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Detroit, Illinois, Colorado

Yes, pensions.  No, we are not Detroit or Illinois, and won’t be for some time, even if we left things as they are.  Still, our problems are far from solved, and rather than writing foolish columns about what Detroit could have learned from PERA, we’d do better to learn from Detroit and Illinois.

Eileen Norcross from Mercatus noted that, per Detroit:

Detroit’s unfunded pension liabilities are immense, at over $9 billion on a risk-free (guaranteed-to-be-paid) basis. Unfortunately, they were valued and funded incorrectly. For years, the city assumed it would earn 8 percent annually on plan assets, an uncertain expectation that did not match the certainty of pension payments.

This “asset-liability mismatch” means the plan took a gamble that didn’t pay off. Accounting tricks during boom years made the fund look flush giving the city the impression it could dole out “13th checks” for some employees.

The way to avoid self-delusion on this point is to use a proper discount rate for your liabilities.  We’re not doing that now, and GASB has, in trying to close the loophole, only increased the incentive to chase return and end up with risk.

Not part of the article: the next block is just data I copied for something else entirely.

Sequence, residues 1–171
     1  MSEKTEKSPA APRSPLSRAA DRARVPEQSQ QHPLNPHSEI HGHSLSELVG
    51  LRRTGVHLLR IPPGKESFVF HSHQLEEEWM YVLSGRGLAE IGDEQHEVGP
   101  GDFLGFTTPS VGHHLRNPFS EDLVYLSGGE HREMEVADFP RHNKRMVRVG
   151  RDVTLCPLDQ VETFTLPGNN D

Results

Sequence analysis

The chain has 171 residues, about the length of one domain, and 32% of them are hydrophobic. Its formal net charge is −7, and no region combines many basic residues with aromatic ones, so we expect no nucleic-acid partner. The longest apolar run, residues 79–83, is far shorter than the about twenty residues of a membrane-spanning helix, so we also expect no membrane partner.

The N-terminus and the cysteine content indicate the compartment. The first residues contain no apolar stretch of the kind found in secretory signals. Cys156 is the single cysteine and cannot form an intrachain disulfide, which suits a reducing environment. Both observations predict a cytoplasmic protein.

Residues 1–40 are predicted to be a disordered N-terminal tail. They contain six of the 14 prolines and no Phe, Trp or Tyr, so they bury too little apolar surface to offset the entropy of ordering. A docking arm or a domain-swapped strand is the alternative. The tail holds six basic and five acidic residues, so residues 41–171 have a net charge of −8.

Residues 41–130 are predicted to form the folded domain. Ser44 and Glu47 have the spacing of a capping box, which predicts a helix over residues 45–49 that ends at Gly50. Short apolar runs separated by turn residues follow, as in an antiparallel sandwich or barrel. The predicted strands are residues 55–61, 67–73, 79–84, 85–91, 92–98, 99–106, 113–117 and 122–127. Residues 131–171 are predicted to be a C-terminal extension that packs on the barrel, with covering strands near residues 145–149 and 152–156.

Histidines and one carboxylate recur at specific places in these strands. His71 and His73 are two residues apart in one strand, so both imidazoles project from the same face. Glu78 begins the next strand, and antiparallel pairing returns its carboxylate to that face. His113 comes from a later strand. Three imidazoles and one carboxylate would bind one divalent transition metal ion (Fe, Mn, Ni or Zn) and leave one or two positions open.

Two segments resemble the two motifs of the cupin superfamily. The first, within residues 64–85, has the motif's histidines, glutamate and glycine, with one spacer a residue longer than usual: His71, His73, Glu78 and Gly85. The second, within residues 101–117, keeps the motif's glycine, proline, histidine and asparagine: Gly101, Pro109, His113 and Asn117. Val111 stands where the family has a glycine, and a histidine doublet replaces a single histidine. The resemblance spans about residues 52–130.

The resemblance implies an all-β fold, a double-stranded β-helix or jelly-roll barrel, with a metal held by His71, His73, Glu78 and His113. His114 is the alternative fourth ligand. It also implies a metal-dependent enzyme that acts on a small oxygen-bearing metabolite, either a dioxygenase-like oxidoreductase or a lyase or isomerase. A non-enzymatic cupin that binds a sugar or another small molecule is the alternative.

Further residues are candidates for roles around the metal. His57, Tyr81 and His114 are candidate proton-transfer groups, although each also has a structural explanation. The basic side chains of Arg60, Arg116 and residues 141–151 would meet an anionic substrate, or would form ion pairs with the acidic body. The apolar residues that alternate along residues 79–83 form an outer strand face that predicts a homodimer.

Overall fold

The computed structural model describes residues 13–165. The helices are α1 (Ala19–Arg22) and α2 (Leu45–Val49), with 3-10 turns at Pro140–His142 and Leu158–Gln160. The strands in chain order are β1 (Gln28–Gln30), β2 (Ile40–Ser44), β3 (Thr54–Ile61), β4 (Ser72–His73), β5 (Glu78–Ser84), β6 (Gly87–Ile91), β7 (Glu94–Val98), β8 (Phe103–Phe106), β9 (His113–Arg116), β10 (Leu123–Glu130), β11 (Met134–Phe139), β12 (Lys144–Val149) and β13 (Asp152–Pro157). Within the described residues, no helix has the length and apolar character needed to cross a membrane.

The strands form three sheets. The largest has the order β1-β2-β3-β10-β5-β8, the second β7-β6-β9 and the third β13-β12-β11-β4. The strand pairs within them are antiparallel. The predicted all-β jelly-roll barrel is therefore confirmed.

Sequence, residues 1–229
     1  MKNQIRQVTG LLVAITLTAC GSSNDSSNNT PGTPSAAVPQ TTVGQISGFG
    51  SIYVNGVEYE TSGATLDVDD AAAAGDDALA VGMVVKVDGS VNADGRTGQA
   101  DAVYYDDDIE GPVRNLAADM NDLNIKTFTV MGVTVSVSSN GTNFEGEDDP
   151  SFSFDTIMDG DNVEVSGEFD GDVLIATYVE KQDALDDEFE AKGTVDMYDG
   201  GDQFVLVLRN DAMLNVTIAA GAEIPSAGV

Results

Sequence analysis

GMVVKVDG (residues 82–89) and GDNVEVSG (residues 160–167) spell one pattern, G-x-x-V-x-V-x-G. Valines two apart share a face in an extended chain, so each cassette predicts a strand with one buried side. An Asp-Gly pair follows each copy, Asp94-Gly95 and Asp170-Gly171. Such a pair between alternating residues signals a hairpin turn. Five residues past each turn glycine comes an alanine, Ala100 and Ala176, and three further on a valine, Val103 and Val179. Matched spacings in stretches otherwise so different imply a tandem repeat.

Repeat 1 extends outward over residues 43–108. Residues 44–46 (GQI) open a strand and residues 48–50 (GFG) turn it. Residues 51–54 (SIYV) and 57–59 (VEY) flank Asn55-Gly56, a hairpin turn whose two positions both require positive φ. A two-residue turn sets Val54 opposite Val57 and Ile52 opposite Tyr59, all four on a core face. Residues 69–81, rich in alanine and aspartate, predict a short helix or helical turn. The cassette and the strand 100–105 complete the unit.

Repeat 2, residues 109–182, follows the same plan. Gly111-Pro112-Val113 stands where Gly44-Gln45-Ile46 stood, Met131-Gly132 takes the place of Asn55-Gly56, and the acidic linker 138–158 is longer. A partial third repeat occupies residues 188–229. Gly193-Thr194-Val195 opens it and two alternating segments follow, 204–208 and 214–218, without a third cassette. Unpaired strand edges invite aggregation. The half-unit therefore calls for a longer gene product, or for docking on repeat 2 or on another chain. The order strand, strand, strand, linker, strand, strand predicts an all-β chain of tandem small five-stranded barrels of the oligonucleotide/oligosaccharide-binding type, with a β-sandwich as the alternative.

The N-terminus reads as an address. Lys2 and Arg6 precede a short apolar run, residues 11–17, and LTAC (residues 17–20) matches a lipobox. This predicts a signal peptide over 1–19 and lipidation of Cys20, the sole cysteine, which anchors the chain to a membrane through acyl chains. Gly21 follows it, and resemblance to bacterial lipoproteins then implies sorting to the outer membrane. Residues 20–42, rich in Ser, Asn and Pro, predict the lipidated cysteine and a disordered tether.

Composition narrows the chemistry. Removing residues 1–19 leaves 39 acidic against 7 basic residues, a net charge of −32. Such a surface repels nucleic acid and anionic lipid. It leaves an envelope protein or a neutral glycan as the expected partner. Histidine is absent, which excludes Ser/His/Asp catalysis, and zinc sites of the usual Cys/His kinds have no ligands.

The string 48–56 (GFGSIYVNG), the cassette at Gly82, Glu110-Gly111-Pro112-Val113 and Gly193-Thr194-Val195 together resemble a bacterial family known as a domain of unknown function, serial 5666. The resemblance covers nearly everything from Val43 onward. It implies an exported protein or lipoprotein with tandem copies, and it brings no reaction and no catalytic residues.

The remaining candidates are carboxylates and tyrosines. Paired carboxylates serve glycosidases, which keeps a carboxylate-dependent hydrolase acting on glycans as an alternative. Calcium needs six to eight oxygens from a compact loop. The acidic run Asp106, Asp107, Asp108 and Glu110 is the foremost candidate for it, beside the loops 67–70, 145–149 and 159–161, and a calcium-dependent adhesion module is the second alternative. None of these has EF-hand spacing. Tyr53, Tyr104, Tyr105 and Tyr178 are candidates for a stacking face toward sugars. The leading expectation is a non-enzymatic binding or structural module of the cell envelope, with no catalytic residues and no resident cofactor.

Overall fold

Then, there’s Illinois’s plan, which just became law.

The plan is receiving “sniper fire from all sides,” as one lawmaker put it. Labor unions don’t like it and are certain to take the state to court, arguing that Illinois’ constitution prevents the impairment of benefits. Some legislators also don’t like it. They would prefer to see more significant structural reforms and are worried about the very large annual payments that will affect spending in other areas of the budget.

It’s very likely that Illinois isn’t even doing much to delay the inevitable.

Posted in Economics.

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